OK, I’m abnormally excited about tonight’s “Saturday Night Live
.” Am I looking forward to Jason Segel
? You betcha. Florence + The Machine? Sure. But what I am really jazzed for? MUPPETS, people. Given that Segel is the writer/star of the “The Muppets
,” and given the Muppets’ own history with SNL, it’s only logical that they show up in some form tonight. (If you’re as into The Muppets as I am, you owe it to yourself to check out this Film Nerd 2.0 interview
over on Drew McWeeney’s Motion/Captured blog here at HitFix.)
It’s gonna take a lot to bring me down tonight. Which probably means “SNL” will bust out “Secret Word,” “The Manuel Ortiz Talk Show,” then feature Fozzie Bear with Anthony Crispino on “Weekend Update” just to break my spirit. Only one way to find out. Onto the recap!
A Message From The Committee To Elect Mitt Romney: More surprising than the number of appearances by Jason Sudeikis as Romney this season? The complete lack of Fred Armisen as Obama. Just noting. Romney appears here “Raw and Unleashed” in an attempt to get in the headlines currently dominated by Herman Cain and Rick Perry. Naturally, his goofs and indiscretions are as boring as he is. “SNL” is sort of stuck between a rock and a hard place should the race come down to Obama/Romney. Neither give the show much with which to work. Sudeikis has plenty of energy in the role, but the best “SNL” political sketches have a bite that is missing here. I’m not sure this is the show’s fault, given the target in question. But there you have it. (On the plus side, Jay Pharoah sighting in the first sketch! Not just his hand holding an iPhone! The whole Jay!) [Grade: C+]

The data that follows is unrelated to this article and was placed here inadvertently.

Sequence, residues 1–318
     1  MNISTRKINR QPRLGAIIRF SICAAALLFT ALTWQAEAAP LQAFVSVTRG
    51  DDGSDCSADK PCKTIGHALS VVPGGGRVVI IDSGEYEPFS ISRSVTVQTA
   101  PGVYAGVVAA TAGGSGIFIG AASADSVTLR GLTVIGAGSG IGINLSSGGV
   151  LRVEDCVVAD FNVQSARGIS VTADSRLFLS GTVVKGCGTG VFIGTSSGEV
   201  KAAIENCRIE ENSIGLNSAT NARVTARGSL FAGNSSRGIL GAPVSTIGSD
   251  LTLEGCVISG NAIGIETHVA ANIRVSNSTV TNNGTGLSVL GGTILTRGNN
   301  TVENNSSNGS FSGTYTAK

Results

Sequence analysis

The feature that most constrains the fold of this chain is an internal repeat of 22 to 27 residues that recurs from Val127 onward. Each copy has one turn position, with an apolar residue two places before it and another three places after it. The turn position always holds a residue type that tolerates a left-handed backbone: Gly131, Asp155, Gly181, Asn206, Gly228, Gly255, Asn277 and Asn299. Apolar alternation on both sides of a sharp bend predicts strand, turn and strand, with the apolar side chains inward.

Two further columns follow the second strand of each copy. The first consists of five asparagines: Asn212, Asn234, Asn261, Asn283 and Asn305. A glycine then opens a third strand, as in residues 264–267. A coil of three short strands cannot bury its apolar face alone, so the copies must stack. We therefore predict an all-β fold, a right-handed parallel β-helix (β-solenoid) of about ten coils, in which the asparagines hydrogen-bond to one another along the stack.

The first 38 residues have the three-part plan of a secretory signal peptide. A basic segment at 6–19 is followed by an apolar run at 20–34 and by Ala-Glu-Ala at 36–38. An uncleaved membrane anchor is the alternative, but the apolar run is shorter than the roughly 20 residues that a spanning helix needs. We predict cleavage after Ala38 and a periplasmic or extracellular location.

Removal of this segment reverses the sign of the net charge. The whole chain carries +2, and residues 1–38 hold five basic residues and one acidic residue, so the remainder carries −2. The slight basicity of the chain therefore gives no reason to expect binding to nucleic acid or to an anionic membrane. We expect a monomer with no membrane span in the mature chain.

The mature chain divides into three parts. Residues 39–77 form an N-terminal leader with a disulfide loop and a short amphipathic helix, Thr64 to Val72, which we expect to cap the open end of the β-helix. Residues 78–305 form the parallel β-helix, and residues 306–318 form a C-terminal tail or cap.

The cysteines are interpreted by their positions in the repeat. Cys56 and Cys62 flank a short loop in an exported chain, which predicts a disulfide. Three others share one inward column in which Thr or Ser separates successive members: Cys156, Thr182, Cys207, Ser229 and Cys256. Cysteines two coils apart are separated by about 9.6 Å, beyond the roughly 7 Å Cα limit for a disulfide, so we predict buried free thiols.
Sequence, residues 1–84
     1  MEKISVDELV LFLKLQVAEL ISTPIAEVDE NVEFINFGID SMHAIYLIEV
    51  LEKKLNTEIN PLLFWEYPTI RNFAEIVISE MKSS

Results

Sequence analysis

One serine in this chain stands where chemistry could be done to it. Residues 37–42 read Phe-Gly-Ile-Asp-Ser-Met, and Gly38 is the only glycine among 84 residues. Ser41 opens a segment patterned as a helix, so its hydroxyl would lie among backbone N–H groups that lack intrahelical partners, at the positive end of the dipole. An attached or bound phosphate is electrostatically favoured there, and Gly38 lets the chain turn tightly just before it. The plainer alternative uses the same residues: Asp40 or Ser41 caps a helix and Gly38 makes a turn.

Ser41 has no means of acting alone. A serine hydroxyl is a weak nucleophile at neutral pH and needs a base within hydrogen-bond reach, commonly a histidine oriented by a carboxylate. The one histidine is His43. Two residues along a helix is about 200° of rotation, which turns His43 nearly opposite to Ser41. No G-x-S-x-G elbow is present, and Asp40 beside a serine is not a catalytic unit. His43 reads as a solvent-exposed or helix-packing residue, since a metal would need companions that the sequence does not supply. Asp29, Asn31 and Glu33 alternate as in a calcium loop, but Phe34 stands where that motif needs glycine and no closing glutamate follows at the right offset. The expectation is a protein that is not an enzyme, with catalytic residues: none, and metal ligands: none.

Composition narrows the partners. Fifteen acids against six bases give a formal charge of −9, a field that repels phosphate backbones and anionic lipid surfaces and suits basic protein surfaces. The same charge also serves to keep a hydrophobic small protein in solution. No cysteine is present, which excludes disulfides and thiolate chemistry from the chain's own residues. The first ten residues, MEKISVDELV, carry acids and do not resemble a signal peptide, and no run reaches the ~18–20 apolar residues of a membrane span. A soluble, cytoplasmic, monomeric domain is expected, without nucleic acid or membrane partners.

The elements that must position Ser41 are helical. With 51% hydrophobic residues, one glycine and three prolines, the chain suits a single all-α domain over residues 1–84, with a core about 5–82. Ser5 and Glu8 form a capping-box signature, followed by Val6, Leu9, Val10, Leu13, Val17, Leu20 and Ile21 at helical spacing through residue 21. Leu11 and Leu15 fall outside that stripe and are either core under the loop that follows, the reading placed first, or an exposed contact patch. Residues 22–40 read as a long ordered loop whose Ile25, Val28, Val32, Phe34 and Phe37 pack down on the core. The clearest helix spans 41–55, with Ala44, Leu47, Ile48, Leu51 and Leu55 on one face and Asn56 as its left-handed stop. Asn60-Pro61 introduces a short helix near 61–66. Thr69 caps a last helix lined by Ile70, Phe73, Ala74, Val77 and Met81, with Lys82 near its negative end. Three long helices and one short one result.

Monologue: Jason Segel doesn’t wanna talk: HE WANTS TO SING! And he’s gonna sing with Kermit and Miss Piggy…all the other Muppets as well! The Muppets think they are co-hosting the show with Segel, and…who would have a problem with that, exactly? People with cold, dark hearts, that’s who would have a problem with that. Regardless, The Muppets turn on Segel, angry at his supposed selfishness. But then they get an invite to the after party, so all is well. We even get a Statler and Waldorf shout-out from the studio balcony! Pure pleasure through and through. [Grade: A]
Red Flag: Been there, done that. I don’t grade commercials that air multiple times, and this one first aired in this season premiere. [Grade: N/A]
Live with Regis and Kelly: With Regis gone, Kelly needs to find a replacement. What follows is an excuse for lots of the cast to trot out some of their impressions. There’s no shape to the sketch, just a parade of variably successful impressions. The best? Armisen’s George Lopez and Abby Elliot’s Zooey Deschanel. (“I’m just a little bitty girl.”) Segel gets relegated to last place, where his Antonio Banderas barely made an impression. Perfectly fine, though I’m sure I’ll forget this even happened by “Weekend Update.” [Grade: B]